John Brunner’s Stand on Zanzibar isn’t the only vintage science fiction novel making waves this week. Andrew Joron takes a look at “German fantasist” Paul Scheerbart’s Lesabéndio – a 1913 novel that was recently reissued by the folks at Wakefield Press.
Superagent Andrew ("The Jackal") Wylie disses the e-book and modern publishing's "wild weekend in Las Vegas approach" to book acquisition in the Wall Street Journal Magazine. But the best part is an online slide show depicting Wylie's journey from a wild-eyed hippie cabbie in 1971 to the uberwasp wheeler-dealer that he is today.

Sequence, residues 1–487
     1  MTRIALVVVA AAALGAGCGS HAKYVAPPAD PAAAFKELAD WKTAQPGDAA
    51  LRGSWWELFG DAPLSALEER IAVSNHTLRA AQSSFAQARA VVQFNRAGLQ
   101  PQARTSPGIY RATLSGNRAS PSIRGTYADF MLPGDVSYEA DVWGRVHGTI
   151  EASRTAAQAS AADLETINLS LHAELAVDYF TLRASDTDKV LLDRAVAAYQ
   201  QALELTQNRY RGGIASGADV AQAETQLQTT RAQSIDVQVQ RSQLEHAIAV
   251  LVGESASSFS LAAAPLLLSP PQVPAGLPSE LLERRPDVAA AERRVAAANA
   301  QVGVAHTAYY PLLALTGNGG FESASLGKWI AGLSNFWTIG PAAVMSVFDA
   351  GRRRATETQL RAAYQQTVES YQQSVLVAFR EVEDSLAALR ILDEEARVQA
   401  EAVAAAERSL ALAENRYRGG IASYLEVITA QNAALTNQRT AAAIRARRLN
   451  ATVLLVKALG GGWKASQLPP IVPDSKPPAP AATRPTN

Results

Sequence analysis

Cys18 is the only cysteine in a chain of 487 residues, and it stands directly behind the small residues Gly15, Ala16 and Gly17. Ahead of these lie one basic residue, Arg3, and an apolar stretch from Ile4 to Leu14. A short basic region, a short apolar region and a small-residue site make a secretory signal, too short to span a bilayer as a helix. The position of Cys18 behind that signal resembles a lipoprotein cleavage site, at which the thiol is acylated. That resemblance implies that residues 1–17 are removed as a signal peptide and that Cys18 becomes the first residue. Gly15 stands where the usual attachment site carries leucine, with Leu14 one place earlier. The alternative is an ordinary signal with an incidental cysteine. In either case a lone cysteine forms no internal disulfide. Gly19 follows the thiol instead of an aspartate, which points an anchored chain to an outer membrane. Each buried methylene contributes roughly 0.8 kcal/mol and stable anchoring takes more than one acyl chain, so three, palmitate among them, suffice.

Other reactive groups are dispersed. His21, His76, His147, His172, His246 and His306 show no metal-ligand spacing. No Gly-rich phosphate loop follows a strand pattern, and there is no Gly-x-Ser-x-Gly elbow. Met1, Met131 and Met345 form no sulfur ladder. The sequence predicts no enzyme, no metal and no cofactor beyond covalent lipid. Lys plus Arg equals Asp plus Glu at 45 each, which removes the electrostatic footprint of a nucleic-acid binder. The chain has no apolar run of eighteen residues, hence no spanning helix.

Not everyone is a fan of Haruki Murakami's latest short story, "Drive My Car." Residents of Nakatonbetsu, Japan claim Murakami sullied its reputation when he suggested that residents throw cigarettes from car windows. The offending passage reads: "Probably this is something everyone in Nakatonbetsu commonly does," a character thinks when he tosses his lit cigarette out. Hopefully, the smoke clears soon.
New this week: The Woman Upstairs by Claire Messud, A Guide to Being Born by Ramona Ausubel, NOS4A2 by Joe Hill, and three newly translated books from by Icelandic author Sjón: The Blue Fox, The Whispering Muse, and From the Mouth of the Whale. New in paperback is The Yellow Birds by Kevin Powers.